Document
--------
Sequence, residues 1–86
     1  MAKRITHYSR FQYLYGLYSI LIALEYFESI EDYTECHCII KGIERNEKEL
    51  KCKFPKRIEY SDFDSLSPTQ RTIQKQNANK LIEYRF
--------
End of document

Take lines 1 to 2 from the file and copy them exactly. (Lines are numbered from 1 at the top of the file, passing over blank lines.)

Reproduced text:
Sequence, residues 1–86
     1  MAKRITHYSR FQYLYGLYSI LIALEYFESI EDYTECHCII KGIERNEKEL